Bedford tendered his resignation on the 4th April, saying that the organisers were ‘inexperienced’ and had not listened to his advice. It is believed that Bedford was angered by the committee’s decision to move the marathon away from Tower Hamlets in east London to the Mall without consulting residents and over their plans to close the marathon route for a test run for ten hours on 30th May.

Over the past weeks, the press has reported a number of controversies involving LOCOG over the planning of the Olympics. In spite of this latest criticism, London Marathon have already confirmed that they will continue to work with the Committee to finalise preparations for the 2012 Olympics.

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Financial Times Reveals Welfare-to-Work Programme Chaos

OLYPHOTO - 270

The Welfare-to-Work Programme has been described as “set to fail” by Sir Robin Wales, Mayor of Newham – the host borough for the 2012 London Olympics. In a fortnight, the winners of contracts are due to be announced, putting the unemployed and people on disability benefits back to work. However, Sir Robin believes that there is “a serious risk that some of the best prime providers may walk away”. Out of 11 bidders for the East and South London contract, 3 will be appointed in order to provide competition. Sir Robin said that he is yet to be convinced that ‘three prime contractors each delivering across 17 boroughs will do anything other than lead to confusion amongst job seekers and contractors’.

The rules the work programme has in place could themselves prevent people from taking one of the 100,000 jobs that the Olympics are meant to create. This is because providers will be paid the majority of their fee once they have managed to provide individuals with sustained work for a period of up to 2 years. However, given the short-term nature of most of the Olympic jobs on offer, the possibility of people taking jobs, becoming unemployed again and having to re-start the work programme a year later may prove discouraging.

Sir Robin believes that the government needs to ‘ensure that working in an Olympic job does not disadvantage the indivdual’ to avoid losing out on ‘the single greatest opportunity in Newham’s history to get our residents into work’.

To see the full article click Olympic jobless drive heads for ‘Chaos’

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London 2012 Equestrian Events

The Olympic and Paralympic equestrian events and the equestrian segment of the modern pentathlon are planned to take place at the Greenwich Royal Park in 2012

Whilst in the park, spectators will be able to enjoy the events on show against the backdrop of the National Maritime Museum.

Information : Planning Process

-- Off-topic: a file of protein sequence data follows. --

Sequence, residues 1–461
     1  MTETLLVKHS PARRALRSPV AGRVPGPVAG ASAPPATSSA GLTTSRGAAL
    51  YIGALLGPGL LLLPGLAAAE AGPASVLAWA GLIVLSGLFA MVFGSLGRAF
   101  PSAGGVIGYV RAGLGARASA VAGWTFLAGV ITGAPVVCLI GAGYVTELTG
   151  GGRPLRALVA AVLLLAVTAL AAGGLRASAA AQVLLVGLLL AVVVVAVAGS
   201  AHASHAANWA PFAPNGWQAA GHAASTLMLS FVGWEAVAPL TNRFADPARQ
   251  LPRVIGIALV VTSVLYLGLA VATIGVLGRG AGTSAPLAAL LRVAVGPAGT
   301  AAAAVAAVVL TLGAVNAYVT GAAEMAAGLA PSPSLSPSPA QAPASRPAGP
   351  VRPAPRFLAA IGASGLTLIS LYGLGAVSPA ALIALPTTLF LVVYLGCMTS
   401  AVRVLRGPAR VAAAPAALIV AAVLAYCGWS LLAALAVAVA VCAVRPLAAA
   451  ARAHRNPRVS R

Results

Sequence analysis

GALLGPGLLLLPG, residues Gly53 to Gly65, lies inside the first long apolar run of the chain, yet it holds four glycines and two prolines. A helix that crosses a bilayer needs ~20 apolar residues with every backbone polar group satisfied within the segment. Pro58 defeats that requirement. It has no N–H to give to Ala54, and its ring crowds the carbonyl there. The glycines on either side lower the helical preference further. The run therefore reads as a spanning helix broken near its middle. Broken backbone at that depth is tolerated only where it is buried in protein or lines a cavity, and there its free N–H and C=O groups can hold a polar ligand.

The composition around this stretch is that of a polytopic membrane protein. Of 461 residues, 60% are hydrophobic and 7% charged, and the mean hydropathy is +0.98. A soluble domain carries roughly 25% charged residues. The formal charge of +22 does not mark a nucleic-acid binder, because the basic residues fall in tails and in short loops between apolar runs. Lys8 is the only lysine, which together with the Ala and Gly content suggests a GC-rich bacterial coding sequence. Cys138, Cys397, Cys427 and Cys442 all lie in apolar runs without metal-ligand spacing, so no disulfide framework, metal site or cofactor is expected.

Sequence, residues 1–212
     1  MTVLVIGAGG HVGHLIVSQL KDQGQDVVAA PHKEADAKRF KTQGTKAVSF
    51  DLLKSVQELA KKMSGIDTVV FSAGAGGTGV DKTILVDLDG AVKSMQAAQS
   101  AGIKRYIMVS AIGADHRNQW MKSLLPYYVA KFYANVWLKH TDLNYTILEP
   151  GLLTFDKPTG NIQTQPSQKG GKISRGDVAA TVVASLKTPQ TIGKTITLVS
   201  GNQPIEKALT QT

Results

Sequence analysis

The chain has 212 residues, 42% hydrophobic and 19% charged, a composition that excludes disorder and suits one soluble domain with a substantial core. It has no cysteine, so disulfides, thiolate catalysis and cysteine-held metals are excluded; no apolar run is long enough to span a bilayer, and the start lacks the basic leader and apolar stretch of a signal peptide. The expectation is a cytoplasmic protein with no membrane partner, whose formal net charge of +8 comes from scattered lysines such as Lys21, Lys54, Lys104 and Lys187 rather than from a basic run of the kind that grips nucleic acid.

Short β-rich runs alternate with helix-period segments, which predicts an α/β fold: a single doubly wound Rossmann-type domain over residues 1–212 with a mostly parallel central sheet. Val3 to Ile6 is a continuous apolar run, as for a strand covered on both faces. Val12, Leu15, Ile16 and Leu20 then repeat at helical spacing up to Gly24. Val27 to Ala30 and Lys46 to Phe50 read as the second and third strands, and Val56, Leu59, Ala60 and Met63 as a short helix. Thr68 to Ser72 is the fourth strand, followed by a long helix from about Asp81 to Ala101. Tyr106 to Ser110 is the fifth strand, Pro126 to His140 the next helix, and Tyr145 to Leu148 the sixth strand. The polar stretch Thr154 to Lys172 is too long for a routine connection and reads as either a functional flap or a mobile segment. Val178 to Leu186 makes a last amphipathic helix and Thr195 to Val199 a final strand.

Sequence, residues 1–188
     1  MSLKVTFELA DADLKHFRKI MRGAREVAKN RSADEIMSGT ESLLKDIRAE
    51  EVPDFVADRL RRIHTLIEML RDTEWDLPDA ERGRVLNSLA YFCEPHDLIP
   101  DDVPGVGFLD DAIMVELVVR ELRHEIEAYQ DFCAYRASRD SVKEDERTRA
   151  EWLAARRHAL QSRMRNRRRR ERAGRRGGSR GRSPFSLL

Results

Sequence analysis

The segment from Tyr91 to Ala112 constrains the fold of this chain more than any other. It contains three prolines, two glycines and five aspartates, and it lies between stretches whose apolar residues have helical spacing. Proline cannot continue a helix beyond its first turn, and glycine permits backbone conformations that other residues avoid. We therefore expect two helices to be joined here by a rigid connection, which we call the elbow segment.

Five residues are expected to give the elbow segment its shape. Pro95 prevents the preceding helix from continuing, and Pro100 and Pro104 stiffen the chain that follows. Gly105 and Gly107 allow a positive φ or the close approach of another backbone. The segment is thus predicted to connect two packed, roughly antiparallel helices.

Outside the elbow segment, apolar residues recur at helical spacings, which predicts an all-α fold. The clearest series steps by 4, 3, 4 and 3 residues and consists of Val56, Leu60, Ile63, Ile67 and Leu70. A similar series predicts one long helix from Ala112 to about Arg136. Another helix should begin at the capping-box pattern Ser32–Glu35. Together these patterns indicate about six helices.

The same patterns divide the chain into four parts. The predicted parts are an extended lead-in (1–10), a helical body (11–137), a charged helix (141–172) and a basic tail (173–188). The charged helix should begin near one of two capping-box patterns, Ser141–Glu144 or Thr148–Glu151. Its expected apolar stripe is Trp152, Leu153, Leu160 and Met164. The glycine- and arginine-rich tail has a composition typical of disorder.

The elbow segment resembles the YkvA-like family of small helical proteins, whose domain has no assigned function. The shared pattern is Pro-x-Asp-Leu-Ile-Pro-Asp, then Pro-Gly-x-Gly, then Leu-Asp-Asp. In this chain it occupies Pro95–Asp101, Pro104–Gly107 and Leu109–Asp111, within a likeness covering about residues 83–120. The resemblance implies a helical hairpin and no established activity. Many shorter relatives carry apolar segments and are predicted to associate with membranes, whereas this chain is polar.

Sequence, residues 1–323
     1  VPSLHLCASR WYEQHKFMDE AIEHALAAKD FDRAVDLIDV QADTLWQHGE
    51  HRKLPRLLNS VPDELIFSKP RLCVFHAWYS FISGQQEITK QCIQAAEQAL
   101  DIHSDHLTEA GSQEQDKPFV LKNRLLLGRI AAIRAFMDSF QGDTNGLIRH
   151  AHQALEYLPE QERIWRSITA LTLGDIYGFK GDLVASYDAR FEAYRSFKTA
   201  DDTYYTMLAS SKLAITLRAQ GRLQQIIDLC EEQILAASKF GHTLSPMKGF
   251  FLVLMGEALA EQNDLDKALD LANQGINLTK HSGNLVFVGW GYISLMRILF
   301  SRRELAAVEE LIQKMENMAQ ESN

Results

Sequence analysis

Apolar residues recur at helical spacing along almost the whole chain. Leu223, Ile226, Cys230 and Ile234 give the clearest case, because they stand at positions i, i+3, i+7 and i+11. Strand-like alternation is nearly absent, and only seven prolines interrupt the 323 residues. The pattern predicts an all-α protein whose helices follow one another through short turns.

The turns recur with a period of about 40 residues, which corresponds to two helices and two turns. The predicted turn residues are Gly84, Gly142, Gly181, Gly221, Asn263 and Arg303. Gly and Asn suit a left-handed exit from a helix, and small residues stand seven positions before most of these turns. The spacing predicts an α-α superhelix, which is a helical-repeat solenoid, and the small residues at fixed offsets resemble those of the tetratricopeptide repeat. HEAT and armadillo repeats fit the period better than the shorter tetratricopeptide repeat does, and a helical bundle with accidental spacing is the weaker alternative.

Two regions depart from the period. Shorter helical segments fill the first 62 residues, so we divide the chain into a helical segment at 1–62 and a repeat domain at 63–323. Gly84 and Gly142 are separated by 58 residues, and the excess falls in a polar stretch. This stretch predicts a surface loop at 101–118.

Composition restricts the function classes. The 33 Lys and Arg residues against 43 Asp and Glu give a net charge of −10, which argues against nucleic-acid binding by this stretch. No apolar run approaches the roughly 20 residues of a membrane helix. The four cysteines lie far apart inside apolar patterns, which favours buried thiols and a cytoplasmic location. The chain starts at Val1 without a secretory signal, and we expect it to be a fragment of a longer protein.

The London Organising Committee for the Olympic Games (LOCOG) submitted a planning application for the Olympic event in Greenwich Park. The application was received on 30 November 2009. Consultation ended in January 2010.

The application was approved at a public meeting of the Planning Board meeting on 23 March.

Even though it may be exciting in some aspects having an Olympic event at the park, there have been concerns that an event as big as this could have adverse effects on the environmental aspects. A Q&A is avaliable from the London 2012 regarding this, but here are a few examples of how they plan to protect the park:

How long will it take to restore the Park?

“All of the structures we would be putting in for the Games are temporary and would be removed afterwards. We are clear in our planning application that all ground works related to the Games will be completed by November 2012. Alongside this reinstatement programme we are working with The Royal Parks to make improvements to the condition of the Park.

Following the Games, The Royal Parks will implement a substantial three-year Acid Grassland Restoration Programme to improve the extent of high quality grassland within the Park to leave a lasting legacy. This activity would be funded by LOCOG.”

How will you ensure that you won’t damage the Park?

“We take our responsibilities very seriously and our planning application shows the detailed work we have carried out on all aspects of our plans for Greenwich Park. We will make sure that we return the Park in the condition in which we receive it, and we have fully involved The Royal Parks and English Heritage in the development of all studies and plans.

The potential impacts of our plans have been thoroughly assessed as part of our Environmental Impact Assessment within our Planning Application. This assessment has concluded that it would be possible to do this without creating long term damage to the Park.

The Royal Parks is responsible for management of the Park and maintaining the biodiversity of the Park. They will continue to monitor and manage our activity in the Park to ensure there is no long term damage.”

What about the possible damage to tree roots?

“Arboricultural experts have worked with us to ensure the Cross Country course will not adversely affect any trees. We will continue to work with them, as well as with The Royal Parks, English Heritage and Natural England, to ensure any necessary protective measures are in place to protect trees and root areas while developing the course, and from any impact that might be caused by spectators.

As we have always maintained, no trees will be removed from the Park.

Some minor tree pruning is unavoidable but will be undertaken on a case by case basis, with input from an arboriculturist accustomed to working in historic landscapes and under the direction of The Royal Parks. Minor pruning of this nature takes place routinely as part of The Royal Parks’ normal maintenance programmes.”

Whether they stick the guidelines is another matter altogether but we can be certain that there will be uproar by the local community if any irreversible damage is caused.